A working day with Hayashi-san and Kaku-san of TC Sleeve Team for you to discover in detail their work.
I met Nobuhiro Hayashi and Yukie Kaku during my second week of work at TYK. They are very friendly and lively people with whom I shared and laughed a lot. Hayashi-san and Kaku-san are part of the TC Sleeve Team and mainly work in one of the great warehouses of the R & D center.
Nobuhiro Hayashi is very kind and cheerful. He has worked for 9 years at TYK. He is 43 years old and from Toki, a small town next to Tajimi, where he lives with his family in a traditional house. Hayashi-san really likes martial art movies (Jackie Chan, Jean-Claude Van Damme) and motor-racing films. Yukie Kaku is a young woman of 30 years who speaks good English and who don’t like being photographed. She is from Ôita on the island of Kyushu and enjoys reading and playing video games. She was always ready to give me an explanation about kanji. She has worked at TYK for 6 years.
TC Sleeve are tools used in casting or rolling casting process. They are designed in titanium and ceramics composite and molded under pressure. They allow a low thermal conductivity, an excellent erosion resistance to the aluminum alloy and excellent abrasion resistance.
The main work of Hayashi-san is to look after the TC Sleeve manufacturing processes. The process is, in short, mix and create the composite molding, make it compact by cold isostatic pressing and then make it solid by treatment with Argon gas. Following this, the frame is finalized and cleaned and undergone heat treatment. Some parts of the product are then cut and welded. Between all these steps, are many steps of checking the size and the resistance.
The main machines where Hayashi-san and Kaku-san work are the lathing machines. They are three machines, entirely manual with an average age of 45 years old.
Sounds of TYK – Sounds of the machines with voices of Hayashi-san and Kaku-san :
The lathing machines, called “Sen Ban” in Japanese are used to cut and grind very precisely. Hayashi-san and Kaku-san use them to finalize the frame of the TC Sleeve and to cut samples. The machines function almost constantly throughout the day.
Kaku-san, when she is not working on the “Sen Ban”, takes care of cleaning and checking the size of TC Sleeve during the creative process, as well as perform various tests on samples cut from the frame.
The lathing machines operate entirely manually, with different levers. Hayashi-san manipulates the levers with dexterity and impressive speed.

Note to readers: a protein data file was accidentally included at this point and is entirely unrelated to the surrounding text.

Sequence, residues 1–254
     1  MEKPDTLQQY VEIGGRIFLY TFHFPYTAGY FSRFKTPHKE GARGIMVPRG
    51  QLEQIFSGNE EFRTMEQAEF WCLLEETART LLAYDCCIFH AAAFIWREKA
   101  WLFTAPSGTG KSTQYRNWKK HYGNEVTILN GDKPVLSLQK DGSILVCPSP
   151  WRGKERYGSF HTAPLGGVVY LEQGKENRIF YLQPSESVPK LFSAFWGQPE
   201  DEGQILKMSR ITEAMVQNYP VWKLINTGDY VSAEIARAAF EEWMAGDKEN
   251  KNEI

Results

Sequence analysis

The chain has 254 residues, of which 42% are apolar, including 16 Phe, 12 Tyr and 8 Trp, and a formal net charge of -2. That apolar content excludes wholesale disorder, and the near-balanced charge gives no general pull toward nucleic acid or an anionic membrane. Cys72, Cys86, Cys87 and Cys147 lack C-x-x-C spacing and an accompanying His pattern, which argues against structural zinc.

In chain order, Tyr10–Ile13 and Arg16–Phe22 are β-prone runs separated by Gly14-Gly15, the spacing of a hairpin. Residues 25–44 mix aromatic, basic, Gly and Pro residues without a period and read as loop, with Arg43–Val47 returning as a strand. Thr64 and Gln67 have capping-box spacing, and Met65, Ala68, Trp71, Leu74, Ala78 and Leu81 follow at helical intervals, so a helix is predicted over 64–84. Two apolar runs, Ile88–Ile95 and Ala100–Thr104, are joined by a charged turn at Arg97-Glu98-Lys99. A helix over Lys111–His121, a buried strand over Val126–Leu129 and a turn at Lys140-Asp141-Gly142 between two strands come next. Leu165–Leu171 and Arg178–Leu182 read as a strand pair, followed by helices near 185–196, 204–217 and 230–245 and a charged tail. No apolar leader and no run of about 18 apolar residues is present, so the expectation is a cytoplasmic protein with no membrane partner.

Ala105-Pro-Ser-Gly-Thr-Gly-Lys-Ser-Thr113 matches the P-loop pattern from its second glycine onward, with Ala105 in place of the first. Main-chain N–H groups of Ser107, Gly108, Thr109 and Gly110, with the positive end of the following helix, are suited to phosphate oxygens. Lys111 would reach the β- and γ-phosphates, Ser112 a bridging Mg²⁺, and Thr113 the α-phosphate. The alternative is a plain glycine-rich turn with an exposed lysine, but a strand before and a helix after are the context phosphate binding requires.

Hayashi-san is molding a TC Sleeve. The composite of titanium is introduced into a mold and compactly distributed using a vibrating carrier, so that there are no empty space in the mold and so avoid design flaws.
Kaku-san is currently doing the heat treatment of TC Sleeve. These are introduced into a large oven where they will undergo the process for several hours.
Hayashi-san checking the dimensions of the frameof a TC Sleeve being finalized. It is painstaking work since it is necessary to respect the prescribed dimensions. In a day, Hayashi-san can finalize about ten TC Sleeve.
Lathing machines constantly generate small fragments called “Kiriko” ( “kiri” means “cut” and “ko” means “ends”). We must be careful to not be injured. On average, the machines are fully cleaned 2-3 times a week.
Each TC Sleeve being finalized is collecting by a sample. Theses will undergo various tests (pressure resistance, water absorption, etc.) to detect potential problems.
During my week with Hayashi-san and Kaku-san I attended the entire TC Sleeve creation process. Here I am checking the evolution of a frame being cut.
Work on the lathing machines use a lot of oil. And it is forbidden to wear gloves because they can get caught in the wheels and cause accidents. So, hands are quickly cover with oil and small titanium debris.
Hayashi-san is very fond of sport. He practice almost every evening after work, including Kenpô for 9 years and Karate for 4 years. Doing myself Krav Maga (self defense sport) we shared a lot with humour, about our fighting techniques.
Hayashi-san, Kaku-san, arigatôgozaimashita ! *
* Hayashi-san, Kaku-san, thank you very much !
Note: all pictures published in this article are my creations. They are not royalty free. Thank you not to use them without permission.